En Español

Q. Who is Mr. Smarty Plants?

A: There are those who suspect Wildflower Center volunteers are the culpable and capable culprits. Yet, others think staff members play some, albeit small, role. You can torture us with your plant questions, but we will never reveal the Green Guru's secret identity.

Help us grow by giving to the Plant Database Fund or by becoming a member

Did you know you can access the Native Plant Information Network with your web-enabled smartphone?

Share

Ask Mr. Smarty Plants

Ask Mr. Smarty Plants is a free service provided by the staff and volunteers at the Lady Bird Johnson Wildflower Center.

Search Smarty Plants
    
 
See a list of all Smarty Plants questions

Please forgive us, but Mr. Smarty Plants has been overwhelmed by a flood of mail and must take a break for awhile to catch up. We hope to be accepting new questions again soon. Thank you!

Need help with plant identification, visit the plant identification page.

 
rate this answer
Not Yet Rated

Monday - April 30, 2007

From: Austin, TX
Region: Southwest
Topic: Wildflowers
Title: Hardiness of bluebonnet seeds under water and white bluebonnets
Answered by: Nan Hampton

QUESTION:

I was trying to find out more about the hardiness of bluebonnets. We own a lot on Lake Travis near Spicewood Texas. As you are probably aware, the lake was very low this spring due to a drought that started in late 2005. One unexpected benefit of the drought was a massive growth of bluebonnets in the shoreline area that is almost always under water. It amazed me that the seeds/plants would survive being inundated for such long periods of time and then spring forth in the most dense growth of blue bonnets Ive ever seen. If youd like to see the photos, Id be glad to share them. Each photo file is quite large because I took them with a 10 Mega pixel camera. We also had a white blue bonnet that we found in Spring 2005 in an area away from the shore line and found in the exact same place in 2007. Interestingly there are no other white bluebonnets in that area nor did we find them in the massive growth that was along the shoreline. Thanks for being available for these inquiries.

ANSWER:

Bluebonnets are annuals; that is, they have to come up from seed each year. Was the area underwater last summer when bluebonnets were going to seed? If there were bluebonnets blooming in the same general area last year, it is more than likely that seeds from last year's crop produced the plants blooming this year. Bluebonnet seeds are dispersed mechanically when the dry seed pods burst and fling the seeds out. They can travel by gravity downhill if there is no vegetation in the way. Also, rain could wash them downhill. I don't believe that the seeds could survive longterm submersion in water, but it is possible that some seeds floated in from another area and were deposited as the lake receded.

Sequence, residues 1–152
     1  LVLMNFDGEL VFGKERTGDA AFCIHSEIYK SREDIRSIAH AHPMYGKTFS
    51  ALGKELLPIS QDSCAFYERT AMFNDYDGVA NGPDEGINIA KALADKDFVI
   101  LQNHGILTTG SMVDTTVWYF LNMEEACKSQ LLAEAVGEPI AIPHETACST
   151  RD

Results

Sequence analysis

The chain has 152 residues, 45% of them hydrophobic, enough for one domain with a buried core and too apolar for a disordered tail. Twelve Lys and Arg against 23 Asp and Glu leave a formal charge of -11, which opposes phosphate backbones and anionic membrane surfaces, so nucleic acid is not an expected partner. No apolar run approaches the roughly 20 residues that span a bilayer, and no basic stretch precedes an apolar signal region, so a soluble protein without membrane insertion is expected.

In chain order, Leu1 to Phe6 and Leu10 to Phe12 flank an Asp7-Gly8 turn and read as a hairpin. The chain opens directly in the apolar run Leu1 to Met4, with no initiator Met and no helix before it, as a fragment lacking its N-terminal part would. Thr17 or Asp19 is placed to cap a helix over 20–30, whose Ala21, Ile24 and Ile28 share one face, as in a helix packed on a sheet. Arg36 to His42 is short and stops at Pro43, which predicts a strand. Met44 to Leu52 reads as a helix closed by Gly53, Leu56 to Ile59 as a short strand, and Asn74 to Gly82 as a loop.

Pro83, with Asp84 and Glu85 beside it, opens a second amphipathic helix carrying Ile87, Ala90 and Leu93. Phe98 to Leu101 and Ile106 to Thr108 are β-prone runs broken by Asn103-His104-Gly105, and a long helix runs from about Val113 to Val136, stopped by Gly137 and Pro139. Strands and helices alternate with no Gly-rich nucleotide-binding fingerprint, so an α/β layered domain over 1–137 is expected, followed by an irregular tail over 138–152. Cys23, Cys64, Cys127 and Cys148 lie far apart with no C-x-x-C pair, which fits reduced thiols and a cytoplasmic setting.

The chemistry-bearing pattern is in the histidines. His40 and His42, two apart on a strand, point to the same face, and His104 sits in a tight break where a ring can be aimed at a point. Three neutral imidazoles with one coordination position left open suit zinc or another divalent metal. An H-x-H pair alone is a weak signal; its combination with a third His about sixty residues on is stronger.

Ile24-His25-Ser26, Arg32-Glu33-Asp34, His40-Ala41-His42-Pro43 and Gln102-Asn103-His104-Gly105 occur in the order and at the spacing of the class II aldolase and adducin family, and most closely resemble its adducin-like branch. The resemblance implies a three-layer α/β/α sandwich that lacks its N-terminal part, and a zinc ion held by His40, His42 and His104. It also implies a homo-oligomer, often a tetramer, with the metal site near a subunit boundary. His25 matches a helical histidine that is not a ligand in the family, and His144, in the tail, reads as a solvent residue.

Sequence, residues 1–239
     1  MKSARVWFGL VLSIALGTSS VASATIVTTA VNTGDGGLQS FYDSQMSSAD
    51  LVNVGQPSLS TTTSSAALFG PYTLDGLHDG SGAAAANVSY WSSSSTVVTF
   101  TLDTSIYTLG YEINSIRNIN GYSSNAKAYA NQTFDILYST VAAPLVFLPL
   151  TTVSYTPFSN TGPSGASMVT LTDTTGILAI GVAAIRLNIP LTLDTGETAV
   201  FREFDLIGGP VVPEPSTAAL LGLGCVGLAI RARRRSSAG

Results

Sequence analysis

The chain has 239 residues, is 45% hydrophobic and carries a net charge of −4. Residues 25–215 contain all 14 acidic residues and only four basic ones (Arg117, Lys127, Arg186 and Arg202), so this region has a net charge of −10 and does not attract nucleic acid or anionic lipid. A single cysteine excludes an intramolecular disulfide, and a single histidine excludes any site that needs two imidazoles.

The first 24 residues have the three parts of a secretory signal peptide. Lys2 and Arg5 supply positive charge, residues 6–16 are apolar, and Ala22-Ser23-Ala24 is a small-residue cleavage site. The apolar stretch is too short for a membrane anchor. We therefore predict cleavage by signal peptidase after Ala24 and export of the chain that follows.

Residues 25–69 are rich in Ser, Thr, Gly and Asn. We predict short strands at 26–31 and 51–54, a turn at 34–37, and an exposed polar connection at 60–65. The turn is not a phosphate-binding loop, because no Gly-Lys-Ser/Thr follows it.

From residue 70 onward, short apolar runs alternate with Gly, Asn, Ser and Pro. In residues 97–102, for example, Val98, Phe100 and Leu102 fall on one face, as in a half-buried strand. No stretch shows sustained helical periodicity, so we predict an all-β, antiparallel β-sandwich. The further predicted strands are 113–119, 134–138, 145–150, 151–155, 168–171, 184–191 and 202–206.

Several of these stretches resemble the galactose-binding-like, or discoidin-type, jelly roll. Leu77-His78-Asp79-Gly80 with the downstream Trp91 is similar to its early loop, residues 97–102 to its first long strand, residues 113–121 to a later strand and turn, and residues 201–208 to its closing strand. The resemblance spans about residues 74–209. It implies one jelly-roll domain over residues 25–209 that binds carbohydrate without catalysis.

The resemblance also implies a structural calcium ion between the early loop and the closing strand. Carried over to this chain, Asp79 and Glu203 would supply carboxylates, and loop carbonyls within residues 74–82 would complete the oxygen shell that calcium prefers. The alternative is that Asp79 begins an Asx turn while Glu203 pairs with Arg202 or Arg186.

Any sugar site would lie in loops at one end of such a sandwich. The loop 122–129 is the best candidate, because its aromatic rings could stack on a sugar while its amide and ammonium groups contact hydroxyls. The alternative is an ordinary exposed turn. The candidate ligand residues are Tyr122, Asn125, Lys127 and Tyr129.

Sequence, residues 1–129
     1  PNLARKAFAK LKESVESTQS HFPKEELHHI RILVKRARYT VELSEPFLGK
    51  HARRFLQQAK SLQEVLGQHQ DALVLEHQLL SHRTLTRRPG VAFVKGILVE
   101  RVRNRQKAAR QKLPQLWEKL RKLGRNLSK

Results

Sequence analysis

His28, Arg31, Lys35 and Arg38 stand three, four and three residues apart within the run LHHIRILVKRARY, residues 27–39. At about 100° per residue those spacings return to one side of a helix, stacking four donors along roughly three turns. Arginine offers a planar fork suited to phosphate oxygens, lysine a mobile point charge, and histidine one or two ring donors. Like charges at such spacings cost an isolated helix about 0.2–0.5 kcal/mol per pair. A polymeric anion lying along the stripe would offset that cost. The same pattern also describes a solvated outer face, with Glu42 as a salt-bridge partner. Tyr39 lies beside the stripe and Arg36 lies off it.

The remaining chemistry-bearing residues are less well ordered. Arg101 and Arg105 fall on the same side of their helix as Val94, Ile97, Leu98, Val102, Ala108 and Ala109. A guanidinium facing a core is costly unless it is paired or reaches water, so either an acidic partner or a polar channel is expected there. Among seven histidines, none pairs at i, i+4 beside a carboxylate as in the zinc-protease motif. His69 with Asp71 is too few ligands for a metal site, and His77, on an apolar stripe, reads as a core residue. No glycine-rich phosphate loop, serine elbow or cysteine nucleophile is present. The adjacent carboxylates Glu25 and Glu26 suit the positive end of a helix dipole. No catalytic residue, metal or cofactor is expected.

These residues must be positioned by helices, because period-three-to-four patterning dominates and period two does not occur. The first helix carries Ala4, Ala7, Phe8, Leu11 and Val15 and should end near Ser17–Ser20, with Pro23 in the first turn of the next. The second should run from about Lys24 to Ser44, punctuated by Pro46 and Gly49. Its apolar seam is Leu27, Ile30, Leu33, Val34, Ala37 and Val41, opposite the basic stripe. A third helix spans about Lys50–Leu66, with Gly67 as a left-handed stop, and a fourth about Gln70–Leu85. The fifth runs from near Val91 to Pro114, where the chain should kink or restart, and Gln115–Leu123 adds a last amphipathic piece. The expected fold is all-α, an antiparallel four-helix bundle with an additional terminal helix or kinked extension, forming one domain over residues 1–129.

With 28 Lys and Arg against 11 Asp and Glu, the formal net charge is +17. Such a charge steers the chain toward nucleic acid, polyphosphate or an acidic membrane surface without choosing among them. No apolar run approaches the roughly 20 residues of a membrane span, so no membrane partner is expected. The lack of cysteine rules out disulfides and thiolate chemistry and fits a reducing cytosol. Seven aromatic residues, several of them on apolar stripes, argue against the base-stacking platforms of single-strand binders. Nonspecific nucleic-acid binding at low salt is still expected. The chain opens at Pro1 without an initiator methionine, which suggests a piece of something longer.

Please see the answer to a recent question for a discussion of white bluebonnets.

 

 

 

More Wildflowers Questions

Drought and pollution resistant flowers for Rock Falls, IL
February 08, 2009 - I am looking for hearty flowers for our city planters that are both resistant to drought and auto emissions. We are located in northern Illinois. Planting is done in May.
view the full question and answer

Blue mistflowers fail to bloom in Austin, TX
September 02, 2015 - We live in Austin, Texas and we have several blue mistflower plants that are not flowering. In a previous year we had lovely flowers but last year and this year we have no flowers in spite of the fact...
view the full question and answer

Native plants of Taos and Los Alamos NM from Houston
April 07, 2012 - Hi, Mr. Smarty Plants, can you recommend a guidebook for the native plants of the Taos/Los Alamos region? (I'm most interested in forbs.) I'll be headed there in May--is there anything I should es...
view the full question and answer

Bluebonnets in Colorado mountains
April 21, 2007 - Will Bluebonnets grow up in Colorado in the mountains?
view the full question and answer

Native flowers for a wedding in June in Tennessee
March 09, 2009 - I am planning a June 6th wedding on our farm. The wedding is in our backyard. I have lots of containers and several beds. Our daughter wants pink, purple, white and blue flowers. I have a greenhouse...
view the full question and answer

Support the Wildflower Center by Donating Online or Becoming a Member today.
E-NEWSLETTER | BECOME A MEMBER | DONATE NOW | MEDIA | JOBS | SITEMAP | STAFF INTRANET
© 2016 Lady Bird Johnson Wildflower Center